Tokyo 2020: Rwanda, Qatar to Serve as Vaccination Hubs for Athletes

Qatar and Rwanda will receive athletes who will need to be inoculated first before heading to Tokyo.

The International Olympic Committee (IOC) together with the National Olympic Committees (NOCs) and Governments of Rwanda and Qatar have announced a partnership that will see the two countries serve as vaccination hubs for Olympic and Paralympic athletes heading to Tokyo.

According to the IOC, the two vaccination hubs will allow Games participants who will be unable to be vaccinated in their home countries in advance of travelling to Japan for the Olympic and Paralympic Games Tokyo 2020 to get inoculated enroute to Japan.

“The two hubs will both offer the Pfizer-BioNTech vaccine, in line with the IOC announcement on 6 May 2021 of the signing of a Memorandum of Understanding (MoU) with Pfizer Inc. and BioNTech SE to donate doses of the companies’ COVID-19 vaccine to Games participants from National Olympic and Paralympic Committees around the world,”

“The IOC is in contact with a few NOCs whose athletes are not yet able to access vaccination programmes and who would therefore be eligible to travel to either the hub in Doha (Qatar) or Kigali (Rwanda),” an announcement from the IOC reads.

The hubs have been set up respectively by the Qatar Olympic Committee and the Rwanda Olympic Committee in relation with the relevant government and medical authorities in their regions and with Pfizer’s support. Concerned NOCs can apply for travel support from Olympic Solidarity should they need it.

The IOC NOC Relations and Olympic Solidarity Director James Macleod said the development is timely and will ensure safety of the games which have been postponed severally due to the COVID-19 pandemic.

“We cannot thank enough the two NOCs, their national governments and Pfizer for their generosity and great show of willingness and support,”

“The progress in preparation of work on the ground has been outstanding, and these additional vaccination opportunities are enabling the Olympic Games Tokyo 2020 to be safe and secure not only for the participants, but also for the Japanese people,” Macleod said.

Rwanda welcomes the move

The Minister of Sports Aurora Mimosa Munyangaju said on Twitter that the development is a welcome one and yet another important sporting milestone for the country.

“Thank you @Olympics for trusting Rwanda as a Vaccination Hub for athletes attending the #Tokyo2020 Olympic games! Welcome to Rwanda,” Munyangaju tweeted.

Felicite Rwemarika, an IOC Member in Rwanda explained the rationale behind the decision to create a hub in Rwanda ahead of the games, which the Government of Japan maintains will happen in a safe environment despite calls to postpone them due to the pandemic.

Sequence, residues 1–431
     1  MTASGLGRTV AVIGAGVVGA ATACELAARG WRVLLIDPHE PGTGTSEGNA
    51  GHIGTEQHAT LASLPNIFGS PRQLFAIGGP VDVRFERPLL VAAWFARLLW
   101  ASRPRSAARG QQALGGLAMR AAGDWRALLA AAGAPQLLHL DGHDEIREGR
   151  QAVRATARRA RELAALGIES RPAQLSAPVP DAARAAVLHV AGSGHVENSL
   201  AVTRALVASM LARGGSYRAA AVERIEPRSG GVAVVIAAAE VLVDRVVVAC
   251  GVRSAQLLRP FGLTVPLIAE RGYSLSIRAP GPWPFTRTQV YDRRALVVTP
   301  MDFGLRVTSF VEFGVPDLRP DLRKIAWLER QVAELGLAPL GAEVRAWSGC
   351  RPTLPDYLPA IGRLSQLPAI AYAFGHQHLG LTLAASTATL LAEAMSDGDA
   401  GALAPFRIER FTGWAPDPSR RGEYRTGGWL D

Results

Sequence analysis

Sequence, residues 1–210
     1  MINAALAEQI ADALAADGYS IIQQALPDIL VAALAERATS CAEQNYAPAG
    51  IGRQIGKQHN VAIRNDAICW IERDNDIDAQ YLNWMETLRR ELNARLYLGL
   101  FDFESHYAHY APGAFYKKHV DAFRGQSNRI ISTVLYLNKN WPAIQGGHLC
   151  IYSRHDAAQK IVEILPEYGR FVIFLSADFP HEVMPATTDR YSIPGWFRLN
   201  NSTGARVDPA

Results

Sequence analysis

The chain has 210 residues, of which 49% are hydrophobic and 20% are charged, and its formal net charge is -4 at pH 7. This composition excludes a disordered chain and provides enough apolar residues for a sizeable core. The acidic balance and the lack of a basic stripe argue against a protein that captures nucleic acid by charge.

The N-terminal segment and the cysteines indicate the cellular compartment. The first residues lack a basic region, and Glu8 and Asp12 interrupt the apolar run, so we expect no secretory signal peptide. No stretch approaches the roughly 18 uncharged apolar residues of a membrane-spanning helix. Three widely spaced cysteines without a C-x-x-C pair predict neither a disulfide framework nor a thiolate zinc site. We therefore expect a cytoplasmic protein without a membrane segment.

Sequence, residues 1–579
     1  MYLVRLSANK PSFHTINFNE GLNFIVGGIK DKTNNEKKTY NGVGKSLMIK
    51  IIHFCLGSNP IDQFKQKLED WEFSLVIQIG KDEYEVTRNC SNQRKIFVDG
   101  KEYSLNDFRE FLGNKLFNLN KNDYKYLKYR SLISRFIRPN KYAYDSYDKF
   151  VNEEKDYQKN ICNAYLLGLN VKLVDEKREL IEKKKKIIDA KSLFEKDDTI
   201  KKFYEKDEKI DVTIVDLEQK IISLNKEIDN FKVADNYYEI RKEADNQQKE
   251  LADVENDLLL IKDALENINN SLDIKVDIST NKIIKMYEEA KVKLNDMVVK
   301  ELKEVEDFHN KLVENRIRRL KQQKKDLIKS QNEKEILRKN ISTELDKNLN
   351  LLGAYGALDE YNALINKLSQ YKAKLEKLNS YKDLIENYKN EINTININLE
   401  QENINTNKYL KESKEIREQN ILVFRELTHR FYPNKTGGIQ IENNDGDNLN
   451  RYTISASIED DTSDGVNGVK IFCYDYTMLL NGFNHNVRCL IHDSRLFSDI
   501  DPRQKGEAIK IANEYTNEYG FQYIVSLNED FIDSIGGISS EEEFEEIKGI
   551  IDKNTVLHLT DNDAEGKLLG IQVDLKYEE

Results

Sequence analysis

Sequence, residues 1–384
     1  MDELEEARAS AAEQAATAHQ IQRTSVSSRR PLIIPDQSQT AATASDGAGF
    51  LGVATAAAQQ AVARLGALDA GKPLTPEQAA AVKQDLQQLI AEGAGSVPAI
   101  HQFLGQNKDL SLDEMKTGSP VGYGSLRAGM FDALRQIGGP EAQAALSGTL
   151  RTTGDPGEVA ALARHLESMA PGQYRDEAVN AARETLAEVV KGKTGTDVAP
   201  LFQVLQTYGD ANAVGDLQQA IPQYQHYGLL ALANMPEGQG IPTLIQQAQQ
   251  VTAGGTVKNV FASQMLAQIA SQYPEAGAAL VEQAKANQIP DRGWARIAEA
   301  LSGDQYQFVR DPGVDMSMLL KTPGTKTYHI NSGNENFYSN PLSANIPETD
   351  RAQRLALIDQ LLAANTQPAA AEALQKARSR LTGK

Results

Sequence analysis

“We were also driven to join this initiative in solidarity with our friends at the Japan Olympic Committee, who have constantly supported our NOC by generously hosting training camps for our athletes,”

Sheikh Joaan Bin Hamad Al-Thani, the President of the Qatar Olympic Committee, said his country was looking to play its role to ensure that the games happen.

“We are delighted to be a part of this excellent initiative and to contribute to safe Olympic Games Tokyo 2020. We are grateful to our colleagues in Japan and the IOC for their tremendous efforts in ensuring the Games can go ahead safely,”

“We all have a responsibility to repay this hard work by doing everything we can to protect the health of the Japanese people and all Games participants,” Al-Thani said.

The Doha vaccination hub comes in addition to the Qatar Olympic Committee’s confirmation that it will also host the Refugee Olympic Team in early July in a training camp in Doha prior to the team travelling to Tokyo.

The IOC said this is yet another example of the spirit of solidarity that has been witnessed between NOCs, and one that the IOC is supporting in every possible way.

From the outset, the IOC has underlined the importance of solidarity in the fight against the virus, and to see this become a reality is testament to the commitment of Olympic Movement stakeholders to making the Olympic Games Tokyo 2020 safe and secure for all involved.

Currently as many as 75 per cent of the residents of the Olympic Village are already vaccinated or have secured vaccination; and there is good reason to believe that this figure will be well over 80 per cent at the time of the Games.

The Tokyo 2020 Olympics were postponed last year due to the coronavirus pandemic and are due to start on July 23. Several athletes and concerned Japanese have called for their postponement again as the virus continues to affect the Asian nation.




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